Minnesota health officials reported two days of increasing COVID-19 hospitalizations over the weekend as the pace of new coronavirus cases continues its increase.
Cases have been trending upward in Minnesota for several weeks, in all parts of the state — but especially in the Twin Cities suburbs. Minnesota had nearly 1,500 more active COVID-19 cases than it did in mid-June, according to data released Friday.
Last week, for the first time, the suburban counties of Dakota, Washington, Anoka, Scott and Carver had about as many new cases per capita as Hennepin and Ramsey counties.
In mid-June, the five suburban counties were averaging about 70 new cases per day. Over the past week, they averaged 132 new cases per day, a nearly 90 percent increase.
Hennepin and Ramsey counties have also seen an increase in cases, to an average over the past week of 193 new cases in a larger population. But that’s a smaller increase of around 60 percent from the central counties’ rate in mid-June.
Here are the latest coronavirus statistics:
42,281 cases confirmed (715 new) via 755,052 tests
1,502 deaths (3 new)
4,399 cases requiring hospitalization
251 people remain hospitalized; 123 in intensive care
36,582 patients no longer needing isolation
Statewide mask order weighed
Medical groups in Minnesota and the state Health Department continue to support a statewide mask-mandate as the cities Winona, Rochester and Mankato have become the latest cities to make such orders on a local level.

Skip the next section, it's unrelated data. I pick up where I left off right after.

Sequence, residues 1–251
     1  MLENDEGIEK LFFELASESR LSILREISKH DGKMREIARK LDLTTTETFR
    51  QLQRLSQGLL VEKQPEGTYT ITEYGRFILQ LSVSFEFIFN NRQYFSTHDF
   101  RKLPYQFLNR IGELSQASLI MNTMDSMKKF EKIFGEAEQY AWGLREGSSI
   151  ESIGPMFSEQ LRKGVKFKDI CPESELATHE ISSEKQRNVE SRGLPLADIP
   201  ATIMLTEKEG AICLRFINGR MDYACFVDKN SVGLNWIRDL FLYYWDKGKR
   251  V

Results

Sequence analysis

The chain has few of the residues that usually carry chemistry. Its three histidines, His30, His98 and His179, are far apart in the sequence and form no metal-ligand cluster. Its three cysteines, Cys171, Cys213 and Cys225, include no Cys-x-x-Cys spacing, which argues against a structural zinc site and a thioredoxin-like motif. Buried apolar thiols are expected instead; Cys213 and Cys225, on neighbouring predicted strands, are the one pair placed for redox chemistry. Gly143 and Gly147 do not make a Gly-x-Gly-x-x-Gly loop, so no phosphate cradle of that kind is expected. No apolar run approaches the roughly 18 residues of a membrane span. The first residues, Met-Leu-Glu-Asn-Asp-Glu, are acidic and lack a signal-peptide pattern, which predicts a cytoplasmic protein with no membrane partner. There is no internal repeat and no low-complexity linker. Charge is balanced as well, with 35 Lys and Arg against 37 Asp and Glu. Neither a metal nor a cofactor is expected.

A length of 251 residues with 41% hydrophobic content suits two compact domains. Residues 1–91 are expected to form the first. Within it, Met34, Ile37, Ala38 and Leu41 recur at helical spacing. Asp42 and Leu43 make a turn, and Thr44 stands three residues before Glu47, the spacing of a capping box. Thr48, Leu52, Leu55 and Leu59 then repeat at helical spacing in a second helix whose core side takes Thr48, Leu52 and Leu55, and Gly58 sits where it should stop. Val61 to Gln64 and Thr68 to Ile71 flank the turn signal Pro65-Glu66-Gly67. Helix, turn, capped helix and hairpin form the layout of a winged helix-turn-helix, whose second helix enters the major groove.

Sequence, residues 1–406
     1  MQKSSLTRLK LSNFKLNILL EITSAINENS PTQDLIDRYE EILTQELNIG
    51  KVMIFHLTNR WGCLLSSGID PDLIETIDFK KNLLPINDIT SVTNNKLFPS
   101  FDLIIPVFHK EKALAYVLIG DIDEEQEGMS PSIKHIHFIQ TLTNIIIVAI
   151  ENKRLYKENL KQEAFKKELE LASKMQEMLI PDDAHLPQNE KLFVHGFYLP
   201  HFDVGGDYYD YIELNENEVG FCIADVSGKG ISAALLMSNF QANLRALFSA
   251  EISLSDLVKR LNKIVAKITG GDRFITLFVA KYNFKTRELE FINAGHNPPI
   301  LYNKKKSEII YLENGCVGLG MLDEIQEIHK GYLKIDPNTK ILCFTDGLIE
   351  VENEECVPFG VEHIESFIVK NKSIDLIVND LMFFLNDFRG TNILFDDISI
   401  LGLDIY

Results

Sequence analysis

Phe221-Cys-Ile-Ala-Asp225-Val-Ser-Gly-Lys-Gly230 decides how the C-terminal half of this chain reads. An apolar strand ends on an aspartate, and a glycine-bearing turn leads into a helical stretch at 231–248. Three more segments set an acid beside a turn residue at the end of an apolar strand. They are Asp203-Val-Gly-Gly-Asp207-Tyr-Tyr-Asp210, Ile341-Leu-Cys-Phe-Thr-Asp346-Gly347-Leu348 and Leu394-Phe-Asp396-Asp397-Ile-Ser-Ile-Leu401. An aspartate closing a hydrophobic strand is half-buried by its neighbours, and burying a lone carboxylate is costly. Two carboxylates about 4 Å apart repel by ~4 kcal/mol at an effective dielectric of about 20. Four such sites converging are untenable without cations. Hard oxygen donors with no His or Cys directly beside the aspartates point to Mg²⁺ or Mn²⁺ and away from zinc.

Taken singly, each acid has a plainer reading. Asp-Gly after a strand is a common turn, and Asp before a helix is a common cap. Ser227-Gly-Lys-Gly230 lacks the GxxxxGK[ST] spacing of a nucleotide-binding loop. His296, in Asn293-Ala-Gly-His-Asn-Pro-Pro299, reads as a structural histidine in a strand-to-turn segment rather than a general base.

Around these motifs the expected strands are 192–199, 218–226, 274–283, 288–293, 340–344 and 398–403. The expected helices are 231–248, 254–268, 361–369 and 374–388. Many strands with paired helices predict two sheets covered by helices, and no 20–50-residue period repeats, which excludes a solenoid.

Minneapolis, St. Paul and Edina have also mandated mask-wearing in the cities’ public spaces. However, Gov. Tim Walz hasn’t gone as far as a mandate for the entire state. Last week, he said he is also concerned enough about a potential outbreak that he’s considering a statewide mask order.
On Monday night, the Duluth City Council is scheduled to take up the question of whether to require people to wear face coverings when they’re in public spaces.
The proposed ordinance would prohibit businesses or organizations from allowing people over the age of 10 inside their doors without wearing masks.
It includes an exemption for people who are “unable to wear face coverings for genuine medical reasons.” And it says people can take off face masks while eating or drinking at a restaurant.
Meatpacking hot spots remain
Many of the outbreaks outside the Twin Cities metro area are focused around meatpacking plants. Officials have intensified testing in those hot spots, uncovering more infections.